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Sheriff teams up with FBI on cybercrime

Date: March 11, 2005
Source: Detnews
By: Edward L. Cardenas

CLINTON TOWNSHIP -- Macomb County authorities are joining forces with the FBI in a move they say will allow them to prosecute more cases in the ever-growing field of computer crime.

The Sheriff's Department's cybercrime unit, known as the Macomb Area Computer Enforcement Team, moved two weeks ago from its location at the Chesterfield Township Police Department to the FBI's local offices in Clinton Township.

With more space to spread out and the FBI's additional resources, the unit -- which has seen its caseload increase nearly tenfold in some areas since it was founded four years ago -- expects to step up efforts to seek out Internet sexual predators, identify thieves and software pirates.

The move comes as good news to Pat Little, 69, a member of the Sterling Heights Computer club, where computer safety is an important issue.

"On the surface, that would be a good thing for people who use the computer," Little said. "But it is a two-edged sword ... there are people who would be concerned about privacy. It is a topic that is quite frequently brought up."

The consolidation comes as computer-related crime is on the rise both nationally and locally. Macomb authorities have been called in to assist federal authorities in the past, so it made sense to come together in the same office, officials say.

"Macomb County is ever-growing and more technical," said Ron Loch, supervisor of the Detroit FBI's cybercrime unit. He noted that the county is home to Selfridge Air National Guard Base, TACOM -- which designs and procures Army combat vehicles -- and various automotive facilities. With the consolidated computer unit, "we gain an intelligence base as well."

The FBI spent $200,000 to renovate the Clinton Township office to prepare for the consolidation with Macomb's unit. The 1,100-square-foot workspace is equipped with some of the latest technology available to fight computer crime.

The agencies have worked together on a variety of cases, from fraud in online auction houses to the theft of millions of dollars worth of trade secrets from two Metro Detroit auto suppliers that were sold to a Chinese manufacturer.

The FBI estimates there are 100,000 computer viruses on the Internet, and copyright and trademark theft costs $25 billion. It has become such a concern that computer crimes only rank behind stopping terrorism and counterintelligence as FBI priorities.

Macomb's computer crimes unit says its fastest-growing type of complaint involves online sellers intentionally defrauding customers and fake overseas investment offers. The unit saw a jump in those crimes from 40 complaints in 2001 to 304 in 2004.

"We are seeing an increased demand from local agencies and the public," said Sheriff Mark Hackel, who worked with the FBI to establish the new offices. "There is constant influx of new technology and new training. Tying in with another agency helps defray the cost."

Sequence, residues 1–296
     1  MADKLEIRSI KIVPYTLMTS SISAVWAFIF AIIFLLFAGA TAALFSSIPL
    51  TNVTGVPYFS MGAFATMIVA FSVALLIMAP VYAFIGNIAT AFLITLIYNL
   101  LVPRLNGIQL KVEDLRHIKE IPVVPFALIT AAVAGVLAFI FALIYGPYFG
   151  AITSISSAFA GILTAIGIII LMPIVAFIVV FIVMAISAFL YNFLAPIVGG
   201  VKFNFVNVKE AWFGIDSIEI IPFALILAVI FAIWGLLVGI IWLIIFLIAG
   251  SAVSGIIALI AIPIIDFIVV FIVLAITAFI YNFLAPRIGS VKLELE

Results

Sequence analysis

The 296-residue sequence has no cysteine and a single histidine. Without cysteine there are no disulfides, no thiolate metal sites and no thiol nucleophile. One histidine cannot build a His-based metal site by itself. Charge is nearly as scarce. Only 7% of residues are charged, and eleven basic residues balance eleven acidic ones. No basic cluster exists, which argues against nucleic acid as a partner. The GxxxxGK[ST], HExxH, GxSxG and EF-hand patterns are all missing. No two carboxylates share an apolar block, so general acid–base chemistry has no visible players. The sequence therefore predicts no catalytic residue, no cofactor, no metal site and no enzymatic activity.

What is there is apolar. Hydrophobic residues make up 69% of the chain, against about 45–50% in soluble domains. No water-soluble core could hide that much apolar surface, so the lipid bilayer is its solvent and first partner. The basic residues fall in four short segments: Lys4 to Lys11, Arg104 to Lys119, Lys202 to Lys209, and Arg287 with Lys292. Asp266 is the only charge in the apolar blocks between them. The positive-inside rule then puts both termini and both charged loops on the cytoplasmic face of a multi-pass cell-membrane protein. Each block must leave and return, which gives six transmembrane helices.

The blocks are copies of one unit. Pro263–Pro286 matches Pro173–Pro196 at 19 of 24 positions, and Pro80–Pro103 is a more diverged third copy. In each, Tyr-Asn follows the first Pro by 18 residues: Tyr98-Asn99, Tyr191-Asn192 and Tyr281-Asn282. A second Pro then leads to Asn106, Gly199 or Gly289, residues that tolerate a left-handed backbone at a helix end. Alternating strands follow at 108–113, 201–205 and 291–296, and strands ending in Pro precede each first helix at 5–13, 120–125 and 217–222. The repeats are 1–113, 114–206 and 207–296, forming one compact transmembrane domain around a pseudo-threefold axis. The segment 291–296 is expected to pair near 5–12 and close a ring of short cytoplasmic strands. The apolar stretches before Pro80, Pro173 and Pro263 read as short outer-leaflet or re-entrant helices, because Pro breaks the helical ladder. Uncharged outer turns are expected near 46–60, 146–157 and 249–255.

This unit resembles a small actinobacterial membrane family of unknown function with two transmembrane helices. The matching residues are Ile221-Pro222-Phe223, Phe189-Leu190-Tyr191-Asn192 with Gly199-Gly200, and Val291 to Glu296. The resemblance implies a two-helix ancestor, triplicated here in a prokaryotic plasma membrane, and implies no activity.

Another duty of the unit also is seeking out individuals who use the Internet to proposition children for sex. Undercover officers portray themselves as children and wait until there is a proposition. A meeting location is chosen, and deputies arrest the individual.

Officers also have busted individuals selling stolen auto parts online, seized pirated software sold at a local trade center and combed through a hard drive to find a runaway.

As its workload grew, the Macomb unit soon found its makeshift offices in Chesterfield weren't big enough.

"The square footage is about the same, but (the old space) was not set up for a computer crime unit," said Detective Scott Blackwell of the Chesterfield Police Department, who is working with the unit.

The technology in the combined Clinton Township office includes devices that can make an exact copy of a computer's hard drive, allowing investigators to search files without altering the original computer. It also includes an evidence room where items ranging from disks to computer towers are stored in a more organized way.

"We want to be able to crunch the data in a quick fashion," said Detective Sgt. Darren Bondy, who heads up the Macomb unit. (The bureau) will give us direction when we get stuck."

The partnership between the FBI and Macomb County is unique in Michigan, officials say. In addition to having the federal government underwriting the renovations and new equipment, the officers from Macomb are using the space rent-free.

"This is a relatively new and growing venture for the FBI," said Daniel Roberts, special agent in charge of the Detroit FBI office. "We are the only game in town."

You can reach Edward L. Cardenas at (586) 468-0529 or ecardenas@detnews.com.


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